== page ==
Winslow Homer Studio

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Winslow Homer Studio
ScarboroughME WinslowHomerStudio.jpg
Winslow Homer Studio is located in Maine
Winslow Homer Studio
Location Winslow Homer Road, Scarborough, Maine
Coordinates 43°31′42″N 70°19′13″W / 43.52833°N 70.32028°W / 43.52833; -70.32028Coordinates: 43°31′42″N 70°19′13″W / 43.52833°N 70.32028°W / 43.52833; -70.32028
Built 1884
Architect John Calvin Stevens
Architectural style Shingle Style
Governing body Private
NRHP Reference # 66000092
Significant dates
Added to NRHP October 15, 1966[1]
Designated NHL December 21, 1965[2]

The Winslow Homer Studio is the historic studio and home of the artist Winslow Homer, which is located on what is now Winslow Homer Road on Prouts Neck in Scarborough, Maine. Maine architect John Calvin Stevens altered and expanded an existing carriage house to suit Homer's needs in 1884, even moving the building 100 feet for added privacy from his brother's neighboring summer home.[3] The most dramatic element is a balcony the width of the building, from which the artist often painted in winter. The building is 44 by 53 feet (13 m × 16 m) and two stories high, for a total of 2,200 square feet (200 m2).[4] Homer lived and painted in the studio from 1884 until his death there in 1910.[5]

The studio was declared a National Historic Landmark in 1965.[2][6]

This painting by Homer depicts West Point, Prout's Neck, not far from his studio.

The Portland Museum of Art acquired the building and surrounding grounds on January 31, 2006, closing both to the public during restoration projects.[7] It was opened to the public in 2012, but may only be visited on a guided tour.[4] The Portland Museum of Art undertook significant restoration of the building. Changes and additions made by members of the Homer family in 1938-39 were undone in order to preserve the studio as Winslow Homer left it in 1910.[8] Some updates were also made to the property to enable it to function as a museum exhibit. The additions included plumbing and a restroom for visitors, electricity, security, and hidden steel reinforcements for the balcony (or piazza). [8]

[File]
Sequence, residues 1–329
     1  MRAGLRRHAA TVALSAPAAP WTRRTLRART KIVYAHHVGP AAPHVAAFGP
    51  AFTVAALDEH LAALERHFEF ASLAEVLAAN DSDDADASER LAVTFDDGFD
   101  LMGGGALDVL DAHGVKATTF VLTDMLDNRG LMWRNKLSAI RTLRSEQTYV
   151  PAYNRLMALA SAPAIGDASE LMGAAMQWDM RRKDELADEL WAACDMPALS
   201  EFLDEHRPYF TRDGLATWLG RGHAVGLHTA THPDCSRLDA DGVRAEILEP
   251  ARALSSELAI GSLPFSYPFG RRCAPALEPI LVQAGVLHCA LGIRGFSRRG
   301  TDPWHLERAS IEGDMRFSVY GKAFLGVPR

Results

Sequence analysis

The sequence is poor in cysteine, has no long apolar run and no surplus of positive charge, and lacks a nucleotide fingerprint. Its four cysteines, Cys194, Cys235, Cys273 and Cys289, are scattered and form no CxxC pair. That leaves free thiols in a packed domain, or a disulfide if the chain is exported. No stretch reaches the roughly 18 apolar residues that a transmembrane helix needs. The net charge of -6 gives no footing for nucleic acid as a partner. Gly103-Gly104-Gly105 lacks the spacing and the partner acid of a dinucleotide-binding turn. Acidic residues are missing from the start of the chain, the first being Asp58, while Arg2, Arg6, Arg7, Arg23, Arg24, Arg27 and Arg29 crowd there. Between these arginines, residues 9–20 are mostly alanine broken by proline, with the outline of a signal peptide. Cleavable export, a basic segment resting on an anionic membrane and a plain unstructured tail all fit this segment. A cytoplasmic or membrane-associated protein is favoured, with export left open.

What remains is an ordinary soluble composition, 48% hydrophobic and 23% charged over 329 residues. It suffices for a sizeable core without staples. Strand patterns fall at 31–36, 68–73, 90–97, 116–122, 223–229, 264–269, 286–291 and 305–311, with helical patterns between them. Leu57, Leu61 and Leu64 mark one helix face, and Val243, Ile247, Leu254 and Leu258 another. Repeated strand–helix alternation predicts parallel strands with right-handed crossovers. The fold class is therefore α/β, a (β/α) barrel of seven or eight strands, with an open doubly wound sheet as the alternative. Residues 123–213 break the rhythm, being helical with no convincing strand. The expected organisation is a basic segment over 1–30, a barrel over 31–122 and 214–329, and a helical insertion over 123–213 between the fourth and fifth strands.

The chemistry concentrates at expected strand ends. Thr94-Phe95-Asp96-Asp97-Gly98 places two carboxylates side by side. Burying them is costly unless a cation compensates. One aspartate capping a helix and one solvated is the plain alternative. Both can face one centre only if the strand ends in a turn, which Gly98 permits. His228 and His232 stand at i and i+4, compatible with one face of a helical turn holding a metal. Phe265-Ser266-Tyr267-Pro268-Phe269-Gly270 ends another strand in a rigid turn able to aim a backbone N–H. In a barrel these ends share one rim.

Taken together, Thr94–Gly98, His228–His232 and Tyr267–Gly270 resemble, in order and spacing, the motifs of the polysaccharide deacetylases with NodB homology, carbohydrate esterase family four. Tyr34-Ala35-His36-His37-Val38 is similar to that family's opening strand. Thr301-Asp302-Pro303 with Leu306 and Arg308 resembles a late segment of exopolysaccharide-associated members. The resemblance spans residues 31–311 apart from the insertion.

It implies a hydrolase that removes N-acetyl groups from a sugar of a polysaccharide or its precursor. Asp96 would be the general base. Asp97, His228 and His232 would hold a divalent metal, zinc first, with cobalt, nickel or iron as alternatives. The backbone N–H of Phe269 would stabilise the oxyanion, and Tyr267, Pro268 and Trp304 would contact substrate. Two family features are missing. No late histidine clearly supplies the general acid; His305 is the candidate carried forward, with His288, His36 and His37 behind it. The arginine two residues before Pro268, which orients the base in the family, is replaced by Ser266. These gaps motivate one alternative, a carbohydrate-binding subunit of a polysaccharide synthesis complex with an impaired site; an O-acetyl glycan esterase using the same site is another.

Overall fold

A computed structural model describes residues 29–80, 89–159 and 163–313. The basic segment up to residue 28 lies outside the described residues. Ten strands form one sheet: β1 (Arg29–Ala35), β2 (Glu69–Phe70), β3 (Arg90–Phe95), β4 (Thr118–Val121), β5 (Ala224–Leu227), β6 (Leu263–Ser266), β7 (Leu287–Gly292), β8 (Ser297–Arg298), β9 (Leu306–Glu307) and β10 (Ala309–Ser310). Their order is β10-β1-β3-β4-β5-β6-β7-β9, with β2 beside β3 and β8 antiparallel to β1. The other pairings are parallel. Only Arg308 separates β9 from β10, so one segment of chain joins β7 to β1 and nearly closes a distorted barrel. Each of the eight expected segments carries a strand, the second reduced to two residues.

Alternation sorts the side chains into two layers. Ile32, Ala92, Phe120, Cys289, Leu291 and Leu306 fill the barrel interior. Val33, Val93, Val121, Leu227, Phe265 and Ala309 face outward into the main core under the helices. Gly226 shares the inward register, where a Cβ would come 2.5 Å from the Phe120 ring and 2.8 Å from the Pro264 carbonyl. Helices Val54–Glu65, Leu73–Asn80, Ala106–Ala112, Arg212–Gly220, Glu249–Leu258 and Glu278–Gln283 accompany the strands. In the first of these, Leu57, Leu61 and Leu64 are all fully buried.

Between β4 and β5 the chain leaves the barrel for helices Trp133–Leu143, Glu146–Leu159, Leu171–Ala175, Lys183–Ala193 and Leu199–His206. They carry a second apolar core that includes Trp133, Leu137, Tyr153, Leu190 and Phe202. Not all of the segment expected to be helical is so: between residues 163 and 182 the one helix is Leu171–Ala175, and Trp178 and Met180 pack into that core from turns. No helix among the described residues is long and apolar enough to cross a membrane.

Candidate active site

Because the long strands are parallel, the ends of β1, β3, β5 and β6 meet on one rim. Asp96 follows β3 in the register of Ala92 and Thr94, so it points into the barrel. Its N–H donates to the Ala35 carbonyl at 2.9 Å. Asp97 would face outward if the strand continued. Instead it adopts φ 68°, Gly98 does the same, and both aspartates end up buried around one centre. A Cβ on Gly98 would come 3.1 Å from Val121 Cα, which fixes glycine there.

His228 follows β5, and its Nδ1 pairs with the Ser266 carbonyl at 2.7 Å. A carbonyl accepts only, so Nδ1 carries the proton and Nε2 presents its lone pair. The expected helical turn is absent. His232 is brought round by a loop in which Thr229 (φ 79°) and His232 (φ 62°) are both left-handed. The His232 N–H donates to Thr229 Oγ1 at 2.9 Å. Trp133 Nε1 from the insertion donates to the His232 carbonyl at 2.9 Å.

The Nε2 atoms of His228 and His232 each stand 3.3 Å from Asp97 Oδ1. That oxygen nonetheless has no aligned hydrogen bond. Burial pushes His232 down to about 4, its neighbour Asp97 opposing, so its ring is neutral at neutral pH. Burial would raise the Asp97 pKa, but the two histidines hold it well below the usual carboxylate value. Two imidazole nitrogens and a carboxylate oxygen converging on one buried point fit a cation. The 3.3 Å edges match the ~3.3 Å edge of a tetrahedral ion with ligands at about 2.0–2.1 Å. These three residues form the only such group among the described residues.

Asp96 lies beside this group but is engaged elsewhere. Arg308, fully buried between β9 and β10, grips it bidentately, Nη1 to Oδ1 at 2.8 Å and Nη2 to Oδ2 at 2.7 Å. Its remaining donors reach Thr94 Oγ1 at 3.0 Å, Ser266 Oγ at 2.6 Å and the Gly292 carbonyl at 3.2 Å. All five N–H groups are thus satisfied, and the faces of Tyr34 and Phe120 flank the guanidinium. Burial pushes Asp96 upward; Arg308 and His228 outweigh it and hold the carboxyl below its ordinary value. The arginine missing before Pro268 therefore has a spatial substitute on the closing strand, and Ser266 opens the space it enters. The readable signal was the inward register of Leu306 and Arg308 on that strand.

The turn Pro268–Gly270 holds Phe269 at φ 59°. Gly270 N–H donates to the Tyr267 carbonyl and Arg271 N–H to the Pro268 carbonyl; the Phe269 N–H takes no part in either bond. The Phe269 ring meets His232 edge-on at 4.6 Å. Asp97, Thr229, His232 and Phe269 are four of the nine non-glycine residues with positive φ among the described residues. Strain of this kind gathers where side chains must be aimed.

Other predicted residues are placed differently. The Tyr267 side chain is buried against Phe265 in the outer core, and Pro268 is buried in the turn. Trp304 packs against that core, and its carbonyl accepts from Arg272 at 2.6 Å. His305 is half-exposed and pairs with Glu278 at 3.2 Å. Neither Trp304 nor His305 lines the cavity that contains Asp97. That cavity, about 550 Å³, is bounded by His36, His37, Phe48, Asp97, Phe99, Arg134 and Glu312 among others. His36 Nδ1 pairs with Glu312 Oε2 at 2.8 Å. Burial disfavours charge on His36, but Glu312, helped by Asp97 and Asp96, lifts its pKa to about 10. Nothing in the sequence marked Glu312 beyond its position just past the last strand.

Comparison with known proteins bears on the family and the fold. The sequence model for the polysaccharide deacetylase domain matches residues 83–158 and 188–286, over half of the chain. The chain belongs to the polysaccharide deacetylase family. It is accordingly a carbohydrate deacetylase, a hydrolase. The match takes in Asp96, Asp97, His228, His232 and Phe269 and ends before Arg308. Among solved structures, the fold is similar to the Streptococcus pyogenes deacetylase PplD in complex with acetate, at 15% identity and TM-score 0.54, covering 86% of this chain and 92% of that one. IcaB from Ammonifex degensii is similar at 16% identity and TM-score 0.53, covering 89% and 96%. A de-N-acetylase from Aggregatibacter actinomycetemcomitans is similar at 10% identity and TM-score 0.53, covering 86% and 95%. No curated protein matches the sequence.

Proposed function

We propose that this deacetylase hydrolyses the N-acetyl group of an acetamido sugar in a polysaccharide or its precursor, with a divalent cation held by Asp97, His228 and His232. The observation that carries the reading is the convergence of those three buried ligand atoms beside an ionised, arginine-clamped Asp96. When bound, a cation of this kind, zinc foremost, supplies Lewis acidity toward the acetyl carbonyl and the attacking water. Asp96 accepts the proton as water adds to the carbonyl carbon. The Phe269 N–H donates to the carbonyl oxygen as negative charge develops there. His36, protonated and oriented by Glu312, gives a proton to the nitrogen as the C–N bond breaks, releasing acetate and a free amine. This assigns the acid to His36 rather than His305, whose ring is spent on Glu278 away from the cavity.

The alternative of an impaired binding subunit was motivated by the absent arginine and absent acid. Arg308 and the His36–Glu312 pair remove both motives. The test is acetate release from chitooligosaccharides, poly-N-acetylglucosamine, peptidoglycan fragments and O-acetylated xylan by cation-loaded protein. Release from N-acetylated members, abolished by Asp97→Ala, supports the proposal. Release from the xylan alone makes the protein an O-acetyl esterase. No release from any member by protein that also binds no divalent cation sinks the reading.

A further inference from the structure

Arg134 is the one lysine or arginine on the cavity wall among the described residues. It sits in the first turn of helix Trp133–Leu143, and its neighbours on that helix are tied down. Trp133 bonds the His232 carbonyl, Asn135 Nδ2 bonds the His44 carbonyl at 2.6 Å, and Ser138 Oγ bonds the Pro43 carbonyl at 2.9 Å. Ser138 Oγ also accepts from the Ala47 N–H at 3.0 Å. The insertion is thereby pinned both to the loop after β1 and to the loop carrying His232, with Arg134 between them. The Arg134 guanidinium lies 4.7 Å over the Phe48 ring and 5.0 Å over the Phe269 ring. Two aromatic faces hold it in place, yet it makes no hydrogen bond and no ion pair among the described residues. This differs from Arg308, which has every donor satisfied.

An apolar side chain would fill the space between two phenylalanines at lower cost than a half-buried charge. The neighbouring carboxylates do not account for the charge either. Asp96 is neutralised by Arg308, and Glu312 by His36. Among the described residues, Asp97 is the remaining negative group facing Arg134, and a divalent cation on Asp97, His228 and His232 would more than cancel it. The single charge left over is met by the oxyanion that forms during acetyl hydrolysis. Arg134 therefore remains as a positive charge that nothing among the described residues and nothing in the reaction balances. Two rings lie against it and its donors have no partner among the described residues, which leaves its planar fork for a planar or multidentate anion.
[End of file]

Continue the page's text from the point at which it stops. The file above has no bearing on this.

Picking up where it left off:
See also[edit]


  1. ^ "National Register Information System". National Register of Historic Places. National Park Service. 2008-04-15. 
  2. ^ a b "Winslow Homer Studio". National Historic Landmark summary listing. National Park Service. Retrieved 2008-05-18. 
  3. ^ Fabrikant, Geraldine (7 September 2012). "In Maine, Walking Where Waves Moved Winslow Homer’s Brush". New York Times. Retrieved 8 December 2012. 
  4. ^ a b "The Winslow Homer Studio and Exhibition Fact Sheet". Portland Museum of Art. Retrieved 8 December 2012. 
  5. ^ "Winslow Homer Chronology". Portland Museum of Art. Retrieved 8 December 2012. 
  6. ^ Polly M. Rettig (1977) National Register of Historic Places Inventory-Nomination: Winslow Homer Studio, National Park Service and Accompanying three photos, exterior, from 1965 and 1975
  7. ^ Portland Museum of Art's Winslow Homer House web page
  8. ^ a b O’Gorman, James F. "A Brief History of the Winslow Homer Studio". Portland Museum of Art. Retrieved 8 December 2012. 

External links[edit]